Your City Just Needs Some Space
From innovative new driverless pods that roam city sidewalks to newly designed shared office spaces, innovators, urban planners, designers, and beyond are all trying to figure out how to best utilize a rapidly diminishing commodity: space. CNN’s new series, CNN 10, recently featured an array of innovations that are changing the way people view shared spaces such as airports, sidewalks, playgrounds, and more.
At Zipcar, we know a little bit about efficient use of space; studies show that every Zipcar removes 15 personally owned vehicles from the road. That equates to fewer cars during rush hour traffic and fewer parking spots to store individual vehicles, freeing up city streets for community parks and green spaces.
As the CNN article highlights, it is not just about having more space – it’s about making the most of the space we have. Take for instance the OhioHealth Riverside Methodist Hospital in Columbus, set to open in 2015. This revolutionary new hospital is doing away with sterile walls and furniture and filling it with floor to ceiling glass windows providing an abundance of natural light. The large glass windows not only let in healthy sunlight, but offer the illusion of a larger, less-confined space – a complaint of hospital patients everywhere. In addition, many hospitals are adding comfy couches, soothing paint colors, and even indoor gardens to restore health and reduce stress for both the patient and visitors.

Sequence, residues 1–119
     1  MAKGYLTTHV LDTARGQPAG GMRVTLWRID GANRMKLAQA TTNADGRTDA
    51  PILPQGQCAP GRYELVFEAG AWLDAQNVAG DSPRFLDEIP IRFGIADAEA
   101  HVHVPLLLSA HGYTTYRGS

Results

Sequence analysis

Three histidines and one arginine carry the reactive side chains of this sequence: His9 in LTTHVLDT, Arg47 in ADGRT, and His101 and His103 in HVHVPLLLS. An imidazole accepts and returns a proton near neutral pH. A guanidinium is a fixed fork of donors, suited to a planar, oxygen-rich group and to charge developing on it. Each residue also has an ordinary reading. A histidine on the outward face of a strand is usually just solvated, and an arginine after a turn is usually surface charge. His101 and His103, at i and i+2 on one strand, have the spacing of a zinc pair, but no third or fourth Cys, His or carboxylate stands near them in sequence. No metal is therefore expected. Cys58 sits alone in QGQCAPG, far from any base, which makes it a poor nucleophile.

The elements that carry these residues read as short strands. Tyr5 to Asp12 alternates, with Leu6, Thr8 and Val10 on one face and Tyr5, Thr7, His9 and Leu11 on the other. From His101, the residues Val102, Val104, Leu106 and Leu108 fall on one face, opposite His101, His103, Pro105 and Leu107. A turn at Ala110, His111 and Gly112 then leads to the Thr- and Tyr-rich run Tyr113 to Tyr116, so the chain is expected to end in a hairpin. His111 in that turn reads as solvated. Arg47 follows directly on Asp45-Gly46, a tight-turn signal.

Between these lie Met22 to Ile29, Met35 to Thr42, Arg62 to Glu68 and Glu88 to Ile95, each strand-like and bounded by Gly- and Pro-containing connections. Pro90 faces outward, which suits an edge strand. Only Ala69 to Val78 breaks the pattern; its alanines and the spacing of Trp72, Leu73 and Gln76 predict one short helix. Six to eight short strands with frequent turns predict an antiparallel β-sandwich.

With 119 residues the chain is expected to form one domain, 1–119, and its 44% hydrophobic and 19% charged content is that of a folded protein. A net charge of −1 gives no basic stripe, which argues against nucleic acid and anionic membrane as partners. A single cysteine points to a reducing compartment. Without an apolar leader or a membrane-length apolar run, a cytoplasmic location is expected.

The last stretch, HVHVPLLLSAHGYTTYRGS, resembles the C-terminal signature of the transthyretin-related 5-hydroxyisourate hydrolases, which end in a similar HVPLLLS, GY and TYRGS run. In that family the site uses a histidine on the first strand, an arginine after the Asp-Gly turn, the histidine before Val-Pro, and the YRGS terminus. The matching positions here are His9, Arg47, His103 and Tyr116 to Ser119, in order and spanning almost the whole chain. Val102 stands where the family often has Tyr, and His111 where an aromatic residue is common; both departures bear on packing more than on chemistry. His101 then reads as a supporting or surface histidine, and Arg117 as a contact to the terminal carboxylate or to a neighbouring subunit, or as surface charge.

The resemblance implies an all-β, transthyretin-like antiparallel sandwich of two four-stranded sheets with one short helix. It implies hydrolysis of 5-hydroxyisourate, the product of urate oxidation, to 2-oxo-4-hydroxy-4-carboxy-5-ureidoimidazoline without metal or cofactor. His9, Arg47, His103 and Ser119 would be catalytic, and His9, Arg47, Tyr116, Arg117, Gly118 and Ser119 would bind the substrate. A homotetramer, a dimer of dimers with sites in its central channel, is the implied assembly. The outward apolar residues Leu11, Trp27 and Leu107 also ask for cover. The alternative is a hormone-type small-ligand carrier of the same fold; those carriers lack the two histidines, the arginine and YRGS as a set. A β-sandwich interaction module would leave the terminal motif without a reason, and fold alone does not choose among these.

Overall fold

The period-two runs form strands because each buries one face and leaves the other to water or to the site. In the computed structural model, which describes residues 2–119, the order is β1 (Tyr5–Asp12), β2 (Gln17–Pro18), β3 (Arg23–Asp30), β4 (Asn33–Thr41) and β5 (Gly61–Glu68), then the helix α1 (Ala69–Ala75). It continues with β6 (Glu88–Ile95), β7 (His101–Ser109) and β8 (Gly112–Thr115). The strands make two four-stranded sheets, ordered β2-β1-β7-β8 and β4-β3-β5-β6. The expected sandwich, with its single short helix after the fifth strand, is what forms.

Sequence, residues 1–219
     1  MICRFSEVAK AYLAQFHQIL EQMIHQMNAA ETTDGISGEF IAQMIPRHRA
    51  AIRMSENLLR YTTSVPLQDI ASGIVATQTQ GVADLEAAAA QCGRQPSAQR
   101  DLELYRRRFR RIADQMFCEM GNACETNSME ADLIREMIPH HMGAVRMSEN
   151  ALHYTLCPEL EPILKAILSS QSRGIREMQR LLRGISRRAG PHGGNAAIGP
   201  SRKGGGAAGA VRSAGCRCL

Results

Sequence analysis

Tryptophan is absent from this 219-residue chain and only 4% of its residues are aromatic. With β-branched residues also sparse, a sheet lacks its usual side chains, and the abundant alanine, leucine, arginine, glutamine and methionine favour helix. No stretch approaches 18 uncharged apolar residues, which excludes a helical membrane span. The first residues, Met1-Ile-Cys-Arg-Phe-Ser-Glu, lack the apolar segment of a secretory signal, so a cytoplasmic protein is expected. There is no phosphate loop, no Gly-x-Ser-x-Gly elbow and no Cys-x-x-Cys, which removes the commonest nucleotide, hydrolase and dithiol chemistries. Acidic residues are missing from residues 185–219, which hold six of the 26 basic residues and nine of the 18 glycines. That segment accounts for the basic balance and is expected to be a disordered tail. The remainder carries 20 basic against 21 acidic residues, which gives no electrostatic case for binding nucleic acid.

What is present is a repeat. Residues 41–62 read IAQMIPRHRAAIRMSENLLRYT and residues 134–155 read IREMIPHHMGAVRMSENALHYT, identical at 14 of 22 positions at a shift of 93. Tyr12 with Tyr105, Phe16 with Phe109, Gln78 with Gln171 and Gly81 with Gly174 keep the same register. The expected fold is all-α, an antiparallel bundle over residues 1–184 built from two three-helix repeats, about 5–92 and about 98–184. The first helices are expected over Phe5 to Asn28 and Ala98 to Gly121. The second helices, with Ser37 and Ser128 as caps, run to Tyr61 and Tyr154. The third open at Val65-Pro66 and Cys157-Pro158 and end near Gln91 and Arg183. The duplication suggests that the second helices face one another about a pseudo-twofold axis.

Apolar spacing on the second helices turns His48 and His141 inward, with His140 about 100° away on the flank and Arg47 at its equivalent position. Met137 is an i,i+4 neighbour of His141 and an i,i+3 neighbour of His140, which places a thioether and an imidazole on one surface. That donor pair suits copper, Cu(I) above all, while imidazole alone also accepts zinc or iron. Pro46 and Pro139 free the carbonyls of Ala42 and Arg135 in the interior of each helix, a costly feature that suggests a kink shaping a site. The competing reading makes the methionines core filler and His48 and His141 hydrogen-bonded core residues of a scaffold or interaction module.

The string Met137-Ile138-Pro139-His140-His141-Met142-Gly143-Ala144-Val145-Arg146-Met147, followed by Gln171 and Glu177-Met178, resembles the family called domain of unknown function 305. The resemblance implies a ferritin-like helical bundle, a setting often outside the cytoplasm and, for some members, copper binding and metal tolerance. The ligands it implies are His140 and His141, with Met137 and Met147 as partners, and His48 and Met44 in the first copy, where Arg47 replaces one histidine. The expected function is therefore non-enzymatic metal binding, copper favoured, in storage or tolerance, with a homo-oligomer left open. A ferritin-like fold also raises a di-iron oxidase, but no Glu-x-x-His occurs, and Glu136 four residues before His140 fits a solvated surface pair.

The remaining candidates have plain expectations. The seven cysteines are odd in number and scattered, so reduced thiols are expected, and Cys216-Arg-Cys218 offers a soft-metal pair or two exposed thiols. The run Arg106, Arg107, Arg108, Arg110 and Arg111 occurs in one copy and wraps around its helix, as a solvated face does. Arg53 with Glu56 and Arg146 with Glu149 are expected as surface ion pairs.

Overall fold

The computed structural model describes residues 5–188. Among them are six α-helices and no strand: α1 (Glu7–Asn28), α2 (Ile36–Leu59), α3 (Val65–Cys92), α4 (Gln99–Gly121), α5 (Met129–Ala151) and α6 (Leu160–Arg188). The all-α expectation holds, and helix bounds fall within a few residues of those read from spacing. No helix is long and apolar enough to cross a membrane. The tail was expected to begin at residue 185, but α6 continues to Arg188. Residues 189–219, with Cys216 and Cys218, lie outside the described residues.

Another interesting space-saving innovation? Since 2011, Heathrow Airport has eliminated thousands of bus trips taken on surrounding roads by implementing a fleet of driverless pods that mostly run on elevated tracks. Instead of having to wait for a scheduled arrival, riders summon a driverless pod for trips as needed. (Talk about efficiency!) The system is so efficient, in fact, that a local London town wants to bring a network of these pods to its city sidewalks, connecting the local train station to the bustling downtown area about a mile away.
In the coming decade, two billion people are expected to flood already crowded cities. While we have a long way to go to successfully accommodate this rapid urbanization, it is promising to see so many communities, companies, and people rallying to make cities better places to live.